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‘Squids’ Review – A Strategy RPG with Legs, but Hampered by IAP Balance Issues

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I used to love strategy RPGs but as age has warped my enthusiasm so has it stolen my patience for all the genre’s clutter, meandering UI constructs, same-y production values, punishingly difficult fights, and oftentimes tedious leveling systems. The Game BakersSquids [99¢] is a great change of pace. It’s a kinetic, clean, charming, and particularly streamlined entry in an aging genre that has a ton of character, fun, and unique constructs to share. I’m not particularly turned on by its free-to-play functionality, but it’s an otherwise solid game.

Squids‘ setup goes a little something like this: in a troublesome period of squid life, you’ll be tasked with stopping an evil black ooze that threatens to destroy civilization with its ooziness. To accomplish this great deed, you’ll need to assemble a team of eclectic and multiple-armed things, all with different abilities and varying degrees of awesome, and take the fight to the core of the conflict.

There are four classes in total – the scout, the healer, the brawler-dude, and the gun-guy who can hit enemies at massive range. It’s a pretty uninspired setup saved by Squids’ inventive, grid-less, and active combat mechanic. Instead of moving space by space, you’ll be flinging your squids into enemies and areas of interest in the environment that contain goodies. When you connect with a foe, you’ll do damage according to a bottom-line. A stamina bar keeps you from endlessly flinging around the map to and fro and allows for turns. Enemies do the same.

Combat manages to remain consistently interesting throughout the experience, as the maps have a ton of surface area and even the more modest flings cover a lot of ground. Positioning your characters takes as much style and touch as it does thought, and you’ve got an entire map to work with, as opposed to constricted and designated kill zones featured in other similar games. You’ll also need to contend with the lack of level borders. Squids is fond of holes as much as it is of its pinball-like physics engine. When you make contact with an enemy, there are physical repercussions as the two (or more) of you spin off. Knocking foes off the ledge-less levels is a valid play strategy, but same goes for the enemies.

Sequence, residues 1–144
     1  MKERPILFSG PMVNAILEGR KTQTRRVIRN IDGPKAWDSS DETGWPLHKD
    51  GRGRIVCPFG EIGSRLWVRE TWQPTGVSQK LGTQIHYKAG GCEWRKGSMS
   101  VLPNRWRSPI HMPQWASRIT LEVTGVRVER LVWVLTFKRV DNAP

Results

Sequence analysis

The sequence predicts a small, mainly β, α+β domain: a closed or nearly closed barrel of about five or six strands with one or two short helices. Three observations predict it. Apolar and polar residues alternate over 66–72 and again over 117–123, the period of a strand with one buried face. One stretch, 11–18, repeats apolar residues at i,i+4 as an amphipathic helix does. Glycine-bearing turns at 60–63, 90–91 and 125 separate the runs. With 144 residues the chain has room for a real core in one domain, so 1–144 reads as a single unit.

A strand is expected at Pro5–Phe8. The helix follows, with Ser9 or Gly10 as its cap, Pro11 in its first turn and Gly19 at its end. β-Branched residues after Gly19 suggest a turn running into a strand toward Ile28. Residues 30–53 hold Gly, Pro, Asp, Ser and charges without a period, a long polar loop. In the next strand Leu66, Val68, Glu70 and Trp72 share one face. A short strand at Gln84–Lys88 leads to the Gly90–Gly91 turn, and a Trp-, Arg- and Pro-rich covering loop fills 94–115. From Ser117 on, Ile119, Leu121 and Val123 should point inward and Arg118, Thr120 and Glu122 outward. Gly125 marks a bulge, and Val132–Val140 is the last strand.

All blended together, Squid’s combat ends up being delightfully action-heavy, while still remaining a strategy game at its core. Individual fights never dance with monotony because you’re always moving around the breadth of a map, frantically avoiding edges and attempting to position yourself for rounds that’ll hopefully swing in your favor. The level design in particular is huge for the combat: Squids boasts a ton of colorful and intricate environments with not-so-subtle zones you can “capture” and control, as well as traps you can exploit.

Keeping true with conventions, invisible dice-rolls and statistics provide the groundwork for the damage dealt and taken. The currency for leveling up is the pearl, which you’ll receive for every downed opponent and find scattered around in the game’s world.

This currency rubs me the wrong way: it’s monetized and the balance of the late game kinda reflects that. At some point, you’ll probably be aching for levels, items, and characters in exchange for pearls and I feel like the only reasonable way to get them outside of tedious backtracking methods is by spending real-world coin on the fake-world currency. It’s a weird, out-of-place value proposition that really bummed me out on an otherwise sharp experience.

While Squids might suffer for its off-kilter payment model, it doesn’t make any sacrifices on the visual front. It’s a delicious, warmly crafted game that has an indescribable charm and whimsy that springs from its painterly look. It’s gorgeous, and all of its constituent parts, including the animations, the cutesy writing, and the sound production, support its style and tone spectacularly well. It’s an impressive feat.

The strategy RPG is, like, my arch-nemesis. I want them until I actually play them and start remembering why I dislike them while wading through their overbearing setups. Squids is remarkable in that it cooly throws out a lot of the garbage I associate with the genre and turns it on its head with a kinetic combat mechanic that keeps you in control without sacrificing any strategy. If it wasn’t for a wonky layer of in-app currency, I’d be screaming about its greatness. Instead, I can only tell that it’s definitely a good game with a fresh approach, but it’s a little rough around the RPG edges. I think you’ll like it, though, model be darned.

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